Earlier in the year I wrote an article on WhatCulture about why Dracula should get a second season (can be found here), which also included some general concerns about a renewal for people to mull over. I think now the decision has been made to cancel Dracula, it has added a sheen to season one. Season one is now special and precious – one of a kind. It has also made me wonder if a second season would have carried on the subtle brilliance or grown stale.
Ignoring personal preference for a moment, imagine if they never made The Matrix into a series of films, if all we had to cling to was Neo flying off into the sky and the outcome of the war unknown. I personally think that would have been best, others would disagree. Dracula begs the question, is it better to burn out than to fade away?
The series had a steady pace and certainly kept me engaged, would a second season be the same?
Obviously, those are rhetorical questions that I have sent out into the cosmos for someone to read and wonder. However, Dracula season two has some amazing possibilities. I am no script writer, I am no Dracula expert and I am definitely not a super-fan of the show – I am just someone with an opinion, and WordPress give anyone with the internet (and a keyboard) a platform to share theirs.
Someone on the WhatCulture comments said this:
This really got my brain ticking, imagine if that was what they did with season two? Harker and Lucy could be the Jamie and Cersie Lannister of the gothic horror world. I too completely forgot about Mina pinching the formula, and the dead rat. It is possible that they didn’t draw too much attention to that so it could be a pivotal point of S2, alas we will never know.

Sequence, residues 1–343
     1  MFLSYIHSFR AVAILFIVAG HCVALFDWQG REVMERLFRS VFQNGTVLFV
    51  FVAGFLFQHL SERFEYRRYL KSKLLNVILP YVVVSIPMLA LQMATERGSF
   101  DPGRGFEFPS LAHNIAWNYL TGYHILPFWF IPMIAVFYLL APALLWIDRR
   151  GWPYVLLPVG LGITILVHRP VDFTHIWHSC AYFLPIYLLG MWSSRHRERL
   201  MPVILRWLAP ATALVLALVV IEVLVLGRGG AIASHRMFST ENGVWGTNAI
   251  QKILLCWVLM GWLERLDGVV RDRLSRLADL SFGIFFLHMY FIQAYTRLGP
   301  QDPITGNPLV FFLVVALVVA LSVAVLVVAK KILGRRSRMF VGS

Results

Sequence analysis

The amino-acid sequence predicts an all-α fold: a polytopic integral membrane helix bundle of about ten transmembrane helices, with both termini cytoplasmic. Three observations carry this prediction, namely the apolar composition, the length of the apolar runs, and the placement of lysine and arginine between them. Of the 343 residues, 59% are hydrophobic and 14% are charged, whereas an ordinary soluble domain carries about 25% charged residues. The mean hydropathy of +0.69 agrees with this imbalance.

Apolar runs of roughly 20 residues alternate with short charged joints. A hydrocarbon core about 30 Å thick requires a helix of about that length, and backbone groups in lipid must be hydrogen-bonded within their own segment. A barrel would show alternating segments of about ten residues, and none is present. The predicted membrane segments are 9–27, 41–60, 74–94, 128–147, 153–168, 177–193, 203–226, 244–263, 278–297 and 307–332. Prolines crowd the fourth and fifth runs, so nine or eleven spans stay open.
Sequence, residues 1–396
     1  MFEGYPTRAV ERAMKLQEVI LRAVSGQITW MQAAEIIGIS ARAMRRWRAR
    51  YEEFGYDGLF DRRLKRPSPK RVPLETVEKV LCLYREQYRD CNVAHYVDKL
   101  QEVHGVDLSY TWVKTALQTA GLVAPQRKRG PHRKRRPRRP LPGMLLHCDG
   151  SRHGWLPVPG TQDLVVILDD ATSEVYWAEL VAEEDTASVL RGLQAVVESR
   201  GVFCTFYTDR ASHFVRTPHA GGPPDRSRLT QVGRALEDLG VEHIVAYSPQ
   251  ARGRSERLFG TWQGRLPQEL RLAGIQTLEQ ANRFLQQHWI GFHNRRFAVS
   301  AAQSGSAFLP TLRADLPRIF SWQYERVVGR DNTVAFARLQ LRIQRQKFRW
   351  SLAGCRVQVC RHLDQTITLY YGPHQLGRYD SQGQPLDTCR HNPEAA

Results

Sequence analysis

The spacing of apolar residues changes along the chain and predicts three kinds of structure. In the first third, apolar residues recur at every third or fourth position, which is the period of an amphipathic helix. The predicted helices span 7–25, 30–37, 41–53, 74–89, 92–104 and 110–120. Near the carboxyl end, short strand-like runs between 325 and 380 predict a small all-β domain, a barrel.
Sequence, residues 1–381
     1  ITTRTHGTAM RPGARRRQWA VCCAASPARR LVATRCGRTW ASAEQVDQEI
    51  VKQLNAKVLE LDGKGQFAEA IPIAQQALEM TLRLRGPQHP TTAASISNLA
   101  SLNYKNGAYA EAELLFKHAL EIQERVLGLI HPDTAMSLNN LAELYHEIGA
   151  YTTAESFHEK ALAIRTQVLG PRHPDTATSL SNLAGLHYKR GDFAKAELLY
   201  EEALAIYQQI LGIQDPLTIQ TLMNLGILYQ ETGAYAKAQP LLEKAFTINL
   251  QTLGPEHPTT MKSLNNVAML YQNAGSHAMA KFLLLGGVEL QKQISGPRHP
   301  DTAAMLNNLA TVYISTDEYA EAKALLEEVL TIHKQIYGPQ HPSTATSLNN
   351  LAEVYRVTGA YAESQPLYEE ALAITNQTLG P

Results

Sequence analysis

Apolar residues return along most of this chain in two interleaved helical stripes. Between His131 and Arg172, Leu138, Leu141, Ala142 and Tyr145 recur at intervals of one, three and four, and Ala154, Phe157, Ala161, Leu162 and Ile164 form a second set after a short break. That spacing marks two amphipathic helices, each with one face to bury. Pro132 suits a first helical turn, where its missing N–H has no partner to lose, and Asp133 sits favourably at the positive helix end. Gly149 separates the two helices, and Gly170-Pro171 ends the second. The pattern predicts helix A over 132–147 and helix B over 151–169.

So why did it get cancelled? Dracula wasn’t the only victim of NBC’s cancelling spree so maybe they were making room, time and money for bigger ventures? They also didn’t make it easy for the show to get the attention it deserved, the muddled episode schedule and somewhat lack of advertising did put the series at a disadvantage. Once ratings picked up and the storyline really got going, people seemed to enjoy it, although fans of traditional Dracula story lines did admit to it having elements of the ridiculous (read the comments here).
The concept of a fresh approach, a reimagining of who Dracula is and what he wants out of life is exciting to say the least, but as genre theory has constantly proven, people like to watch what they know. If a film doesn’t stay true to the book it causes friction, so maybe this was the same? Maybe NBC decided that we aren’t ready for a new Dracula and maybe the Stoker/Lugosi legacy is what audiences want?
Let me know what you think.